This is part ten of my series on what psychiatric nurses do. You can read the other parts of the series here.
Personal physical care has got to one of the least popular aspects of a psychiatric nurse’s job, and the one that is most frequently delegated to healthcare support workers. It’s not supposed to be, but in reality it is. I personally found the personal physical care of patients awkward and embarrassing and avoided doing it if I could. (That’s not to say all nurses are as cowardly as me!)
On adult inpatient wards, physical care is not common, and you get out of the hang of doing it (which is why I always found it so awkward). But occasionally there are elderly or infirm patients; disabled people who might need some assistance with some aspects of personal care; patients with dementia or other cognitive difficulties; or patients who are catatonic. Staff might have to bathe patients, assist them with dressing or the toilet, give bed-baths, help with feeding, etc. It requires patience, professionalism and sensitivity to assist patients with personal care. It also requires experience, which is where I and other nurses struggle. The older, more experienced nurses and healthcare support workers have done this stuff for years and could dress a patient with their eyes closed. I, on the other hand, had little experience and felt nervous about it. Regardless, personal physical care is a part of the job and something all nurses have to do at some point.
It can be especially difficult with patients with cognitive difficulties who may resist attempts to help them. There is a duty of care to patients to maintain their physical health, and sometimes it may be necessary to restrain a patient in order to care for their physical state. This is very difficult and risky for everyone involved.
As well as personal care, nurses have numerous other physical health tasks to perform when required such as weighing patients, taking blood pressures, monitoring blood sugars, taking ECGs, etc. These are part of plethora of daily tasks that need doing. Psychiatric patients are at a very high risk of physical health issues such as obesity, high blood pressure, diabetes, etc: partly due to psychiatric medication and partly because of the poor lifestyle choices most psychiatric patients make. Nurses have to monitor physical health and refer any issues to the doctors.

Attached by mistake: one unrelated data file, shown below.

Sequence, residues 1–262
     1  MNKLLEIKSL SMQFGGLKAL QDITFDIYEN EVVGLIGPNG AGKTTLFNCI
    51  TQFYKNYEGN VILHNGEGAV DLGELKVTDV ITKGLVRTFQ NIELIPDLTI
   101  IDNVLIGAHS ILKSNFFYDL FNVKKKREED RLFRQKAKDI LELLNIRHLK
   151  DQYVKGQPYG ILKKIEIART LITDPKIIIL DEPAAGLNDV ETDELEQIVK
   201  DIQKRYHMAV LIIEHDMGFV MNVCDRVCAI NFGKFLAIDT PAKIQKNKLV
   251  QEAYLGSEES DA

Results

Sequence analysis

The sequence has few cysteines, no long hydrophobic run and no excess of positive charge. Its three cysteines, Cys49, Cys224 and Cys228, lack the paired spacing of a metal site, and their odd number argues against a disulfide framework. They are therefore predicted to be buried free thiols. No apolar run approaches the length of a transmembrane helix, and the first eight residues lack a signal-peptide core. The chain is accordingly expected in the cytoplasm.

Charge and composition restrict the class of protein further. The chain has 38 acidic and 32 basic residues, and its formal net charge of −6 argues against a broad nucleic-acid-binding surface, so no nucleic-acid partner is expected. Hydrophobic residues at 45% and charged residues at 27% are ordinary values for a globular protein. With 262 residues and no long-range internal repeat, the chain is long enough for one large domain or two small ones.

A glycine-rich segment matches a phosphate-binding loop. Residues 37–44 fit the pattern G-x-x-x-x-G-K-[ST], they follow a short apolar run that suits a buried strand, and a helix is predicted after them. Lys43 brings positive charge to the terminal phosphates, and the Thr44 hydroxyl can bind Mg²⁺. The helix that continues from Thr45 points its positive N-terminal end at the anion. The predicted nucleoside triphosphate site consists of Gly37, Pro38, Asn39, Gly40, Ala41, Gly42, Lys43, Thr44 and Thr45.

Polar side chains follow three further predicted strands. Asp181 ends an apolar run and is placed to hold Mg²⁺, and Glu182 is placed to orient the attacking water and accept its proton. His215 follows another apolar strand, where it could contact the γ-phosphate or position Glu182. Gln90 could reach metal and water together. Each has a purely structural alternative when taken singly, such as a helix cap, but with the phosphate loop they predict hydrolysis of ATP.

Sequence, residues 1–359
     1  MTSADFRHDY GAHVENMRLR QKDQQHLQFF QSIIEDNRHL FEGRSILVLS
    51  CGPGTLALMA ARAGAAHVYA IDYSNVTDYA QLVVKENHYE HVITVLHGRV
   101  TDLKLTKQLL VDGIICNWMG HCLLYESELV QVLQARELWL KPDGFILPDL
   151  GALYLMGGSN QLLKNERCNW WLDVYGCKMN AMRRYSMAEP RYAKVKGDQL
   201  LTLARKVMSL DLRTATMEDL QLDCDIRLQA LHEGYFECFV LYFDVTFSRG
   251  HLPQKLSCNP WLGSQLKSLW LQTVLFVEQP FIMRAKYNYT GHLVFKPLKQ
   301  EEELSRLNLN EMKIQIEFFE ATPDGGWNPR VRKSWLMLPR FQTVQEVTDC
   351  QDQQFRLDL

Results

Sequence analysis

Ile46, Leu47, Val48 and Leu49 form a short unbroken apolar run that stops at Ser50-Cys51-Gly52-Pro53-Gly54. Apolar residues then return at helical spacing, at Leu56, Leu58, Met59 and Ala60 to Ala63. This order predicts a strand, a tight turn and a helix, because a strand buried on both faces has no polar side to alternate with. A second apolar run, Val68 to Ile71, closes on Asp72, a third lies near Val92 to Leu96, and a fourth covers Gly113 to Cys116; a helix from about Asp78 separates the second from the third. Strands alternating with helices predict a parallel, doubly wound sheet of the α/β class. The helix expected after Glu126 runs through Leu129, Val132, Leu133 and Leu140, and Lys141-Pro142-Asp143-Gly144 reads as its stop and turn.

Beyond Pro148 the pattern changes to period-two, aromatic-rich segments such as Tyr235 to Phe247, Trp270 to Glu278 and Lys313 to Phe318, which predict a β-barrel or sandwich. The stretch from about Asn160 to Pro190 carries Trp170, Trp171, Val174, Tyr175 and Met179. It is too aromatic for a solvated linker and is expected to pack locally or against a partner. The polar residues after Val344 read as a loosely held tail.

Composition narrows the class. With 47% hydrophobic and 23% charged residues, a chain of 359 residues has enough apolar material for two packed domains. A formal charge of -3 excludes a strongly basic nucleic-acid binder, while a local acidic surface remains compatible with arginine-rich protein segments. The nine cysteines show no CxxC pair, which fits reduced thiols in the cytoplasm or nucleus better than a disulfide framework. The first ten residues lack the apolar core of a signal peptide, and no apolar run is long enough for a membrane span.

(Are you getting to understand just what a diverse and busy job it is yet?)
Clerical duties take up a significant part of a psychiatric nurse’s working day. At the end of every shift an entry needs to be made in the case-notes of every patient on the books. The case-notes are mostly on computers now, which was a great development to those speedy typers like me, but many of the other staff struggled with this change and typing these entries takes an age for them. The entry made needs to give a description of how the patient has been throughout the shift; how their mental state has been, whether they’ve eaten, been off the ward, done anything risky, etc. Most of the decisions about care are based on these entries so they’re very important and need to be thorough. However… there are a number of problems with this. Firstly, not all staff make great entries. In fact some are downright illegible and say nothing useful. Secondly, it’s quite likely that the member of staff writing the entry hasn’t even laid eyes on their patients for the whole shift, being too busy. And thirdly, for some patients there is nothing at all to say as they’ve been exactly the same every single day for weeks. You might as well copy and paste the same thing day after day.
As well as making an entry at the end of every shift, staff are supposed to make an entry in these notes as soon as possible after any significant event. Someone rings about the patient, make an entry. The patient does something risky, make an entry. You spend some 1:1 time with a patient, make an entry. With 22 patients on the ward I was on and 5 staff per shift, I bet you can see that writing in case-notes takes up a lot of time, especially if you’re not very fast at typing.
The ward I worked on had a fantastic ward clerk. Without her the place would have fallen apart. But despite that, there was still a lot of clerical work to do, especially if it was her day off (usually falling to the shift leader). Numerous phone calls, filing, referral forms, etc. At least an hour of most days will be spent on purely clerical duties (not including the case-notes entries I just talked about). Just the general day-to-day things that need doing to keep the ward running smoothly.
Next time I’ll discuss the discharging of patients and mandatory training.